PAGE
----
Hi Kriangkrai (what is your short name?).

This is a matter of taste, I actually like the <func> way because that
makes it easy for me to differentiate them from system functions.

Check out the xhtml.l file for both those functions and the tag function.

/Henrik

On Fri, May 8, 2009 at 3:24 PM, Kriangkrai Soatthiyanont
<kks...@gmail.com> wrote:
> Hi Alex,
>
>> (let (Clr "#EEE" Cls "xxx")
>> =A0 =A0(fill
>> =A0 =A0 =A0 '(html
>> =A0 =A0 =A0 =A0 =A0(body (style "background-color:" Clr)
>> =A0 =A0 =A0 =A0 =A0 =A0 (div (class Cls)) ) )
>> =A0 =A0 =A0 '(Clr Cls) ) )
>
> One problem with 'fill' is that the expressions to fill cannot be
> anonymous (it must be the result of a variable), e.g. to fill the
> result of (pack "#" "EEE"), we must (setq Clr (pack "#" "EEE")) first
> before using 'fill'.
>
>
>> But why should this be necessary, if 'html' and such functions could han=
dle their arguments in the normal way?
>> (out "t.html"
>> =A0 =A0(let (Clr "#EEE" =A0Cls "xxx")
>> =A0 =A0 =A0 (html 0 "Title" "lib.css" (cons "background-color" Clr)
>> =A0 =A0 =A0 =A0 =A0(<div> Cls
>> =A0 =A0 =A0 =A0 =A0 =A0 "Something in the DIV" ) ) ) )
>
> That's true if such functions (e.g. <div>, <ul>, ...) already exist.
> If not, we must create them (and be bloated?), or create a generic
> function (e.g. <tag>), which must be the case if "tag names" can be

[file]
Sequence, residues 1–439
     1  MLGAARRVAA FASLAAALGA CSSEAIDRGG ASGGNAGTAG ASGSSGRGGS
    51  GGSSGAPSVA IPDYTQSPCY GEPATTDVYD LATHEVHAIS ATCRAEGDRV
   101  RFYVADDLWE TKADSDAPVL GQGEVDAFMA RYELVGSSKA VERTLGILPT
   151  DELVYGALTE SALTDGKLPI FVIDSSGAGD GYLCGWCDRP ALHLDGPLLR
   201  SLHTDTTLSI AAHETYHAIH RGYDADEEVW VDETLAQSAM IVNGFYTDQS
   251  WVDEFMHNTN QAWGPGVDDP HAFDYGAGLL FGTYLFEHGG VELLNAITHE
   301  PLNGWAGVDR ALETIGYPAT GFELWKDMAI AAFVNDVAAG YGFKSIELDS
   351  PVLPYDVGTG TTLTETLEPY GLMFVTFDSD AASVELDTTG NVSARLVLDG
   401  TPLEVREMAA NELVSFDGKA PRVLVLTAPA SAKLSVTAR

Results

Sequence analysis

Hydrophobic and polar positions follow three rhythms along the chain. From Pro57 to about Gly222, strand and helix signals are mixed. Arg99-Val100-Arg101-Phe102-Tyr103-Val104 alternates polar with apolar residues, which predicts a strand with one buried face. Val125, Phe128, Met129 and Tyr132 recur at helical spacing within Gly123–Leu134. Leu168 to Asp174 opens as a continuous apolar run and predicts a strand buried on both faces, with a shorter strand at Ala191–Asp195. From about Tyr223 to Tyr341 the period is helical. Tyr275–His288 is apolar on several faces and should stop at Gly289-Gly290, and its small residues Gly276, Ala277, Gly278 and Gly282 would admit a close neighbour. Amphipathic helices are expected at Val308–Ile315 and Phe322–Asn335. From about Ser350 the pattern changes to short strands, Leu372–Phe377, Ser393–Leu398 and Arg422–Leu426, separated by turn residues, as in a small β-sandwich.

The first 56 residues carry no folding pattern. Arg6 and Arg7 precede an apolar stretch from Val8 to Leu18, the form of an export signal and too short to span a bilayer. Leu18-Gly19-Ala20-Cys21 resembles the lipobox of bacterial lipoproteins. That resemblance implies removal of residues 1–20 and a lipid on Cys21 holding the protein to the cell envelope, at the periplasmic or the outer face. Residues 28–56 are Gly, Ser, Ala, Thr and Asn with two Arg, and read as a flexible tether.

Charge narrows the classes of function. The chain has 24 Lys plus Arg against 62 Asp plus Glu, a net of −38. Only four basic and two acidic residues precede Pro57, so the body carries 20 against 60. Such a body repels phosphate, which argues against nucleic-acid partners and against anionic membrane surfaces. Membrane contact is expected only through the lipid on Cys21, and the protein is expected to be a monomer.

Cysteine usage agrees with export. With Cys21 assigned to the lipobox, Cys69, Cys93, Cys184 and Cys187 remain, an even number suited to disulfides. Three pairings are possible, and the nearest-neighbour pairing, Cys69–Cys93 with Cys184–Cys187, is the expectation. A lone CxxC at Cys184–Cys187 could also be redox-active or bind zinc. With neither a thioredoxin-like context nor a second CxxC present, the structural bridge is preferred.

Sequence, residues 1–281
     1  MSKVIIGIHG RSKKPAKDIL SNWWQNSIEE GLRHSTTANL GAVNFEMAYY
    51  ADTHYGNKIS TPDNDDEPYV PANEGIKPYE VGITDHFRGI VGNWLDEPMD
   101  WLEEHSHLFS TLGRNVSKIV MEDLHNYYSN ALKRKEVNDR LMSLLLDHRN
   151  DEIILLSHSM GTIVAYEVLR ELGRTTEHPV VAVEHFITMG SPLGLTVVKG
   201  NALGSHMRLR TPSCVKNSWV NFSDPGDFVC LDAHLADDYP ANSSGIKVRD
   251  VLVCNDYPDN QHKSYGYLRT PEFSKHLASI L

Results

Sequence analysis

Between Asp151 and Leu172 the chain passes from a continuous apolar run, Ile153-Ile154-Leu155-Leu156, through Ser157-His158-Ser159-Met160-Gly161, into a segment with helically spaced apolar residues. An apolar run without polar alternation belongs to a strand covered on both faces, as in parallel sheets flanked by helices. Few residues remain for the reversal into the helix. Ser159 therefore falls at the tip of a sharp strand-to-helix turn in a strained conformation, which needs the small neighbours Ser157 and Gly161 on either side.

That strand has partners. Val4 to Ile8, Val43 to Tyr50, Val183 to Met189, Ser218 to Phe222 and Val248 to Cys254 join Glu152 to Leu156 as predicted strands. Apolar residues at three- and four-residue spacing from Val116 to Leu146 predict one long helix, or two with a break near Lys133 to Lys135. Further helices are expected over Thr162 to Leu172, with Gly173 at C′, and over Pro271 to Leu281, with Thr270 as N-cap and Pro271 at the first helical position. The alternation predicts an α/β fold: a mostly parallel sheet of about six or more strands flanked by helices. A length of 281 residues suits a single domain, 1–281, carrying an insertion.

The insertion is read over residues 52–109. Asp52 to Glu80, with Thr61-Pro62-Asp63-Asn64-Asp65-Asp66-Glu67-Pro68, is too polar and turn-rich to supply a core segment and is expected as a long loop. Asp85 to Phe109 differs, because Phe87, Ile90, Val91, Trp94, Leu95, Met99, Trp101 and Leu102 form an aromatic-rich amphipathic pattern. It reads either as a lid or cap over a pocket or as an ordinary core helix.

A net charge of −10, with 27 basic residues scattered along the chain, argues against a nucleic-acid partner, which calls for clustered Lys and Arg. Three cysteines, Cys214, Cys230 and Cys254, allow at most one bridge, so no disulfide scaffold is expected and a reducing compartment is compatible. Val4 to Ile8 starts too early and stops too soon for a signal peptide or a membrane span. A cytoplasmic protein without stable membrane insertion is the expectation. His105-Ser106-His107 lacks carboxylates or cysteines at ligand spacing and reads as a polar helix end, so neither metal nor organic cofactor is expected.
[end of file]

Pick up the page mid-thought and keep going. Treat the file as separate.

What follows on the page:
> anything, like in XML, unlike HTML/XHTML, where tag names are limited.
> But with that, the code does not "look nice" any more, compare:
>
> =A0 (html ....
> =A0 =A0 =A0(<tag> 'div NIL
> =A0 =A0 =A0 =A0 (<tag> 'ul NIL
> =A0 =A0 =A0 =A0 =A0 =A0(<tag> 'li NIL ...)
> =A0 =A0 =A0 =A0 =A0 =A0... )))
>
> with
>
> =A0 (html ....
> =A0 =A0 =A0'(div NIL
> =A0 =A0 =A0 =A0 (ul NIL
> =A0 =A0 =A0 =A0 =A0 =A0(li NIL ...)
> =A0 =A0 =A0 =A0 =A0 =A0... )))
>
>
> Best regards,
> KS
>
>
> On 5/8/09, Alexander Burger <a...@software-lab.de> wrote:
>> Hi Kriangkrai,
>>
>>> It would be great if PicoLisp have "quasi-quotation", so the code
>>> could be something like:
>>>
>>> (out "t.html"
>>> =A0 =A0(sxml
>>> =A0 =A0 =A0 (let (Clr "#EEE" Cls "xxx")
>>> =A0 =A0 =A0 =A0 =A0`(html
>>> =A0 =A0 =A0 =A0 =A0 =A0 (body (@ style "background-color:" ,Clr)
>>> =A0 =A0 =A0 =A0 =A0 =A0 =A0 =A0(div (@ class ,Cls)) )))))
>>
>> There is indeed something simlar, though not on the base of read
>> macros but of a function ('fill'). You can either write
>>
>> =A0 =A0(let (Clr "#EEE" Cls "xxx")
>> =A0 =A0 =A0 (fill
>> =A0 =A0 =A0 =A0 =A0'(html
>> =A0 =A0 =A0 =A0 =A0 =A0 (body (style "background-color:" Clr)
>> =A0 =A0 =A0 =A0 =A0 =A0 =A0 =A0(div (class Cls)) ) )
>> =A0 =A0 =A0 =A0 =A0'(Clr Cls) ) )
>>
>> or use pattern variables (with '@')
>>
>> =A0 =A0(let (@Clr "#EEE" @Cls "xxx")
>> =A0 =A0 =A0 (fill
>> =A0 =A0 =A0 =A0 =A0'(html
>> =A0 =A0 =A0 =A0 =A0 =A0 (body (style "background-color:" @Clr)
>> =A0 =A0 =A0 =A0 =A0 =A0 =A0 =A0(div (class @Cls)) ) ) ) )
>>
>>
>> But why should this be necessary, if 'html' and such functions
>> could handle their arguments in the normal way? A real working
>> example would be
>>
>> =A0 =A0(load "lib/http.l" "lib/xhtml.l")
>>
>> =A0 =A0(out "t.html"
>> =A0 =A0 =A0 (let (Clr "#EEE" =A0Cls "xxx")
>> =A0 =A0 =A0 =A0 =A0(html 0 "Title" "lib.css" (cons "background-color" Cl=
r)
>> =A0 =A0 =A0 =A0 =A0 =A0 (<div> Cls
>> =A0 =A0 =A0 =A0 =A0 =A0 =A0 =A0"Something in the DIV" ) ) ) )
>>
>> Cheers,
>> - Alex
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